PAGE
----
Chop, Dice or Mince?

My grandmother taught me that chop and dice are specific sizes, but I see and hear so many cooks using them interchangeably – small chop, finely chopped, large dice… So, what do these terms mean?

  • Coarsely Chopped / Large Chop / Rough Chop
    • about 3/4″ pieces
    • mostly used when further processing will be done later
  • Chopped / Medium Chop
    • about 1/2″ pieces
    • mostly commonly used
  • Diced / Finely Chopped / Small Chop
    • about 1/4″ pieces
    • mostly used when you do not want to bite into a large piece of what you are chopping
  • Minced
    • as small as I can get it – usually about 1/16″ or less
    • mostly used for garlic and other strongly flavored items such as ginger

Remember, when you are using onions and especially garlic, that the smaller you chop them the more pronounced the flavor. For more information about this see Whole, Crushed or Minced Garlic: What’s the Difference?.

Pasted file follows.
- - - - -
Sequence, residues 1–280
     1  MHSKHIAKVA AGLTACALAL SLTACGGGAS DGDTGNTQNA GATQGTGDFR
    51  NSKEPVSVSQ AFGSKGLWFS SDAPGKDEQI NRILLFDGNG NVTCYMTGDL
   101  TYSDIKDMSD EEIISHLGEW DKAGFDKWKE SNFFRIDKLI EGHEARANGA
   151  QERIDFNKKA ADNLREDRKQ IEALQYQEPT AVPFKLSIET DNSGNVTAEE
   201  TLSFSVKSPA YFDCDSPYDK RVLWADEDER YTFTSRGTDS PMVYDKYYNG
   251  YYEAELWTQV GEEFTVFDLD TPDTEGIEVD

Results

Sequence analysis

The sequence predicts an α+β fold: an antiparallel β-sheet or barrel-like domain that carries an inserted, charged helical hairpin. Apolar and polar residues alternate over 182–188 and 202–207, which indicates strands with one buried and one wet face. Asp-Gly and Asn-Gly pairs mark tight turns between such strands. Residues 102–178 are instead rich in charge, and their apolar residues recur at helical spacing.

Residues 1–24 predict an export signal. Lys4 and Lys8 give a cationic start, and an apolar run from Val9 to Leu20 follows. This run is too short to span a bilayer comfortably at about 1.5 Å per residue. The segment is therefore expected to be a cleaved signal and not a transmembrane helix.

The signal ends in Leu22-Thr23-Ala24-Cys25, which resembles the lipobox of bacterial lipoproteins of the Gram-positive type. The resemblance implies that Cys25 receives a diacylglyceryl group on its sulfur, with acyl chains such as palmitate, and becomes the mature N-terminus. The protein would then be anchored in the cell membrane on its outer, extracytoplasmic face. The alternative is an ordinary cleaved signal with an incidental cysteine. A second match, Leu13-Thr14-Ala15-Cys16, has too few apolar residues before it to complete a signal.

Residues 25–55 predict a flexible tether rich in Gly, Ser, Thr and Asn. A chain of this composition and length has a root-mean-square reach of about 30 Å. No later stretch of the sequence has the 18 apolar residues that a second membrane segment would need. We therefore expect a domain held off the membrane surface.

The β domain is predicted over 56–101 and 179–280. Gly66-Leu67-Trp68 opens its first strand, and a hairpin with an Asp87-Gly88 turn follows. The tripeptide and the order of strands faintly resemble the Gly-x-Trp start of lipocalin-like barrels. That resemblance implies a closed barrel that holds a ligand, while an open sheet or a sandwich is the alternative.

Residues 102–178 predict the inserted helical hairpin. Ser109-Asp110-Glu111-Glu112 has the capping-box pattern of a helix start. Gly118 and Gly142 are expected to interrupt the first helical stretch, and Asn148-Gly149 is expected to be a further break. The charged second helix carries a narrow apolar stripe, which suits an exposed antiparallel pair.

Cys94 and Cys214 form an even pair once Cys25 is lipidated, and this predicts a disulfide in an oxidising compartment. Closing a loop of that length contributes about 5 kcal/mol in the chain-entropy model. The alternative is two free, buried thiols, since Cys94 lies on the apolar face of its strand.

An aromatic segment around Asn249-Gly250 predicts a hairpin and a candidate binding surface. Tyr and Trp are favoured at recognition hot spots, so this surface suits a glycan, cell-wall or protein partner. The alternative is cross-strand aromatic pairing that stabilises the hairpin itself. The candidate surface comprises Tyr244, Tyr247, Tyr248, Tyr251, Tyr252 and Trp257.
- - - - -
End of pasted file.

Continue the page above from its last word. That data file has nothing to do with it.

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Brazilian Lemonade

We first tried this wonderfully different lemonade at La Parilla restaurant in Lawrence, Kansas. It is slightly creamy and very refreshing.

juice from 4 lemons
1 cup sugar
6 cups water
6 tablespoons sweetened condensed milk

  1. Combine all ingredients in a blender. Blend until sugar is dissolved.
  2. Serve over ice.

Dad’s Chili con Carne

This is my father, Steve ReVeal’s, recipe. I’m sure that he got the original recipe from a friend, but I don’t know who it was.  My father is a very good cook – his specialties are chili, pizza & Chinese food.

Makes about 3 quarts

2 lb ground beef
3 Tbsp chili powder
2 tsp salt
1 tsp sugar
1 large onion, chopped